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Denser development that incorporates a variety of land uses is the most efficient way to accommodate future population growth.

That's the opinion of Michael P. Buckley of Columbia University in New York City, who was part of a panel at the Urban Land Institute's (ULI) November meeting in San Francisco.

With the population projected to rise by more than 60 million people over the next 20 years, and with the number of one and two person, childless households increasing simultaneously, greater density is the most efficient way to address urban housing needs, Buckley said.

Such dense, mixed-use development accommodates talented workers seeking to live in areas convenient to employment, culture, shopping and recreation, he said.

"Demographics, emerging lifestyles and workplace trends favor higher density development," according to Buckley. "Density can generate more diverse neighborhoods and a higher quality of life, giving communities that support it a competitive edge."

While increased density seems to be the answer to the problems of future growth in urban areas, negative perceptions can foil even the best plans.

Widespread public acceptance of denser development hinges on the creation of effective methods for measuring density, showing various forms of density, and presenting the economic benefits of density, Buckley said.

During her presentation at the ULI seminar, Amy Liu, deputy director at the Brookings Institution Center on Urban and Metropolitan Urban Policy in Washington, provided data showing the propensity of sprawl throughout the United States.

For instance, in one analysis, the institution found that between 1982 and 1997, the amount of urbanized land rose by 47 percent, while the U.S. population rose by 17 percent.

Out of 280 metro areas, only 17 became more dense, reducing the amount of land to accommodate growth.

Other institution research found that between 1979 and 1999, the share of office space in downtowns dropped from 74 percent to 58 percent, while the share of office space in outlying areas rose from 26 percent to 42 percent.

In 1999, New York and Chicago were the only metro areas with a majority of office space in downtown locations. Philadelphia and Miami had the most office space in far-flung areas.

"We know that sprawl and decentralization contributes to the decline of entire cities," Liu said. "Healthy cities are those with healthy cores, which have high density."

"How a region grows physically effects how it grows economically, and how it grows economically affects how it grows physically," she said.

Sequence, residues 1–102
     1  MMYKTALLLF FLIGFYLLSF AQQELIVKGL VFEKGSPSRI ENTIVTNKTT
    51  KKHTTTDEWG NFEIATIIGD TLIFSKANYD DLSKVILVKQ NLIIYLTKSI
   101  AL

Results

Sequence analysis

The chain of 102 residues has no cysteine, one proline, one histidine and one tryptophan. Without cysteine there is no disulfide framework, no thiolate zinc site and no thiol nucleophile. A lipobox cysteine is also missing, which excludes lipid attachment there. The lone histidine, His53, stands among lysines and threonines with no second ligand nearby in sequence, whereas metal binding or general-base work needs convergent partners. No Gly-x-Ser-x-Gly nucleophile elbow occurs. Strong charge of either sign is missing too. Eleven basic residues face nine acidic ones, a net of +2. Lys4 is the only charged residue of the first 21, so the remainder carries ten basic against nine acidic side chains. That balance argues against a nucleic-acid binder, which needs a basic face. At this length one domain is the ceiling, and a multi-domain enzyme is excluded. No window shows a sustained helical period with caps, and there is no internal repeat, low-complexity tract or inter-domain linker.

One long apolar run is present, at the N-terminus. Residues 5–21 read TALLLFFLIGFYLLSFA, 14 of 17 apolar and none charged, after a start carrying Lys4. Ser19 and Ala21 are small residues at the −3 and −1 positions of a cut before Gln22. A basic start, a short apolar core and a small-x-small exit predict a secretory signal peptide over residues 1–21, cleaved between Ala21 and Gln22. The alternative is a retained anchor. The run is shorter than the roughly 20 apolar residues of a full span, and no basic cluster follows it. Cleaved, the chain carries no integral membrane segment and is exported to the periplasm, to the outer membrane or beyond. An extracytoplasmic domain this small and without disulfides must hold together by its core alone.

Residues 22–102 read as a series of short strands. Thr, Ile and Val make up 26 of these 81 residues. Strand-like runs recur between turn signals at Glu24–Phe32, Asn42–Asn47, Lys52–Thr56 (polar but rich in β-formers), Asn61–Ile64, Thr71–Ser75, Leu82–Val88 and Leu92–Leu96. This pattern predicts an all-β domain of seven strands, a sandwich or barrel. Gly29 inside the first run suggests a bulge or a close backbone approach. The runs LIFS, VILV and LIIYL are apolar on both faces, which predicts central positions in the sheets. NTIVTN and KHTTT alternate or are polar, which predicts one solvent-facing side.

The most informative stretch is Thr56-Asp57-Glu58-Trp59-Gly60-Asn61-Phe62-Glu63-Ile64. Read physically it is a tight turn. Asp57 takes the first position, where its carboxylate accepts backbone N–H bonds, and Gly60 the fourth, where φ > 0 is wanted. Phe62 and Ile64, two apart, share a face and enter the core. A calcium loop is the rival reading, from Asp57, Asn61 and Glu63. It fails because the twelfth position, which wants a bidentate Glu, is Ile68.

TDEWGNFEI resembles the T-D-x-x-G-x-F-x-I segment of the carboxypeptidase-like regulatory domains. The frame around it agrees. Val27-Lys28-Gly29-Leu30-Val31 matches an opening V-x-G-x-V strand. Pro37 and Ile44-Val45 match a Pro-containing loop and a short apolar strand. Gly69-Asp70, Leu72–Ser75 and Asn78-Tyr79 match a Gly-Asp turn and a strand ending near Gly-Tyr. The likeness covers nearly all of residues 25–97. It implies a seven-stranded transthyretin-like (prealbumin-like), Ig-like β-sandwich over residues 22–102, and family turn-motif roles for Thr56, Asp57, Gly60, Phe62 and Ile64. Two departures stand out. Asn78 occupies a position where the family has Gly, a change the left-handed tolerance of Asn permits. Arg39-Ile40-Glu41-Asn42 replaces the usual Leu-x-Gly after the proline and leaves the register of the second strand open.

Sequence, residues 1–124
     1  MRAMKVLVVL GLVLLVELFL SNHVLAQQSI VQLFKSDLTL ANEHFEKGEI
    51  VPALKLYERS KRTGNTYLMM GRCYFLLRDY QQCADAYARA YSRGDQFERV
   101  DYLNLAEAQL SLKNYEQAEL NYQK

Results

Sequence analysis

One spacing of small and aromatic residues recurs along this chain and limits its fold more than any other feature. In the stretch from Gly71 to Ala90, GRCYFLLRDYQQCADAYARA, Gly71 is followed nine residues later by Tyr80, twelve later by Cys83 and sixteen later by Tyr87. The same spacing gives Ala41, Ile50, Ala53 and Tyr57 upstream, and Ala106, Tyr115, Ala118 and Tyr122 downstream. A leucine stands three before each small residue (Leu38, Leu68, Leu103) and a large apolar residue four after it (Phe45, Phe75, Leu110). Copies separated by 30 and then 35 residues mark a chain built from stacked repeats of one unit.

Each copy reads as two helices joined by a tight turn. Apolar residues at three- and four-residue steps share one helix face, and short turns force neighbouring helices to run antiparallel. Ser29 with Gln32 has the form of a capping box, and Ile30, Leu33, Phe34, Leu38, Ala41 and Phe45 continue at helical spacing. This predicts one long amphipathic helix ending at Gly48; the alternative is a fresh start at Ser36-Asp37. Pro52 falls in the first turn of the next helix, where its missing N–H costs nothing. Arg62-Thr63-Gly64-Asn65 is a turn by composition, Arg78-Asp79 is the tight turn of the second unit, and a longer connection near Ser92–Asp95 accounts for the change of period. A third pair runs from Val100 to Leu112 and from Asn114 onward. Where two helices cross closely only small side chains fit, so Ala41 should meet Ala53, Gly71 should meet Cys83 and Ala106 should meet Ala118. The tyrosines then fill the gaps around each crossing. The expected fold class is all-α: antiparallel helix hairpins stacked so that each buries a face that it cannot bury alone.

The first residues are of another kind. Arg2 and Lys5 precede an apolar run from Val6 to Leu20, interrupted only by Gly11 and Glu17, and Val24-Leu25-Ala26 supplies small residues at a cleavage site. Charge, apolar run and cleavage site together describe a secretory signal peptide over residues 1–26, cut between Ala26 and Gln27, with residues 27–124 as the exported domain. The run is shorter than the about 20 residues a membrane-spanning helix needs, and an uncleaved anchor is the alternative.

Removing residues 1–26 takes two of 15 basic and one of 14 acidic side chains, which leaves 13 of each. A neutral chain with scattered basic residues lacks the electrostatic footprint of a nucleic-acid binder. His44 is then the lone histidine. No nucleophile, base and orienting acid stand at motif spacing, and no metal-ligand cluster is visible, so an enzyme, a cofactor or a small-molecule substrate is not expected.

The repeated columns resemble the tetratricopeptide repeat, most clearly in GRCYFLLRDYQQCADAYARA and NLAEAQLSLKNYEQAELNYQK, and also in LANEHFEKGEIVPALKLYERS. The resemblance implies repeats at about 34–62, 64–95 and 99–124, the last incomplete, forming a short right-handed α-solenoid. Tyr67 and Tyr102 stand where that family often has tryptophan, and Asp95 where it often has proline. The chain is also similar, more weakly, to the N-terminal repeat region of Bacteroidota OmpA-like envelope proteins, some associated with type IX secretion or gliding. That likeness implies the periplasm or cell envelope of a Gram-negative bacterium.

In the knowledge-based economy, the communities that are the most successful in attracting and retaining talented, educated workers are those that focus on creating vibrant, dense live-work-play environments, Liu said.

"Higher density leads to higher productivity," according to Liu. "Innovation industries such as technology, educational institutions and medical institutions tend to be in dense urban areas."

Colin Shepherd, vice president of Hines Interests in Los Angeles, underscored the need to meet worker demand for better-connected communities providing shorter distances between housing and jobs.

Droves of baby boomers are set to retire in the years ahead, and the generation following them is much smaller, thus shrinking the workforce, he said.

"I believe that by 2010, the employee will be king, and employees will want to live in high-quality places," Shepherd said. "As companies compete for employees, it's important to keep density in mind."

Despite a slip in some downtown populations following the September 11 terrorist attacks, several urban areas have experienced downtown population increases since 1990.

For instance, U.S. Census Bureau statistics show that Houston, Seattle, Chicago, Denver, Portland (Ore.), Atlanta, Memphis and San Diego all experienced greater percentage increases in their downtown populations than in their entire urban areas over the past decade.

Other cities, including Cleveland, Baltimore, Philadelphia and Detroit gained downtown population while losing population as a whole.

The movement of young, childless professionals and empty nesters back to downtown areas is driving demand for dense developments in downtown areas, said Alfred G. Neely, executive vice president of Charles E. Smith Residential in Arlington, Va.

The people moving into downtown areas are seeking to combine culture and entertainment access with maintenance-free living, Neely said.

"We are doing a lot of redevelopment, due to the amenity-rich environment of urban areas," Neely said.

The missing market segment for dense, downtown living continues to be families with children, according to Neely.

"The school issue (negative perceptions of inner- and central-city public education systems) has not been resolved," he said. "Until we fix that, we will not get families back downtown."

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